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Borrowing Books

If one finds another’s sefer in a Beis Medrash, not as an avaida, but on a shelf where people keep private sefarim, i.e. in a yeshiva, is one allowed to be shoel shelo medaas in order to learn from it?

Answer:

Although Shulchan Aruch and Mishnah Berurah write that it is prohibited to use another’s books, nowadays the general custom is that one may use another’s books unless he has explicitly forbidden their use by writing a warning in the front cover of the book or in another visible place. The reason for this change is that today’s books cannot be compared to those of yore — they are strong, they are fairly cheap, and they are easily replacable — all in contrast with books of times gone by. Therefore, unless stated otherwise, it is permitted to use a private book on the shelf. [See in a similar vein Minchas Asher, Parshas Shelach.]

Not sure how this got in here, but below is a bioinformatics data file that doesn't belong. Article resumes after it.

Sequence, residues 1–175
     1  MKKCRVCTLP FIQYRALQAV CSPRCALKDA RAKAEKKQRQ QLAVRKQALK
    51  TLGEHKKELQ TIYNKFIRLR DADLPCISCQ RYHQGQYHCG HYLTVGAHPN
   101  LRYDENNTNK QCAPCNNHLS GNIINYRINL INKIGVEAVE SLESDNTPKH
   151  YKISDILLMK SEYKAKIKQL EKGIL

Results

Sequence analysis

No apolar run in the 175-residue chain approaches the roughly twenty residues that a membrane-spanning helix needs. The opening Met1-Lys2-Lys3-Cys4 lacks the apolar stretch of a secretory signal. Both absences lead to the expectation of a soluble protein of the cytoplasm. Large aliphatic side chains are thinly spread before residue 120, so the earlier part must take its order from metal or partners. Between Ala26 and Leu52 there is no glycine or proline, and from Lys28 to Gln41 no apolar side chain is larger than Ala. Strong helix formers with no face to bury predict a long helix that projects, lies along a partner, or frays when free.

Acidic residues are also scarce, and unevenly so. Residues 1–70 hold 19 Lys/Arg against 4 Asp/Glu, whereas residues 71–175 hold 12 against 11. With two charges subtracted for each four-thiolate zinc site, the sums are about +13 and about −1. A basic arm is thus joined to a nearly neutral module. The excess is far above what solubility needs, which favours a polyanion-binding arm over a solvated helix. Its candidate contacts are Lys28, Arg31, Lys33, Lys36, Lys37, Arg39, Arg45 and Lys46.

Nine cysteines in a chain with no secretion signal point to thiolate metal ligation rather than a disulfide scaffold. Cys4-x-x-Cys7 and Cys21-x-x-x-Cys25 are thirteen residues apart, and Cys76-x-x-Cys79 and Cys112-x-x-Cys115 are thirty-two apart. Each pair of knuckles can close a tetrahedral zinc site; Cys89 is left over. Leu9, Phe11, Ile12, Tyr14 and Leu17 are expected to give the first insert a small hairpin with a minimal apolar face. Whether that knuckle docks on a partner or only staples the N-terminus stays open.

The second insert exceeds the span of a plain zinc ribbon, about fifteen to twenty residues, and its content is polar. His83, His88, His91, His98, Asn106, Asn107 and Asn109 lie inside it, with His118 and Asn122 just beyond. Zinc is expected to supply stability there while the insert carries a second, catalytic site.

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2 Comments

  1. It would appear then that if the book is an out-of-print edition or that there is a special Siman (e.g., engraving on the cover) or some aspect which makes it irreplaceable, then the original ruling of the Shulchan Aruch and Mishna Berura would still apply.

    1. Yes, this would be true for special edition books and the like.

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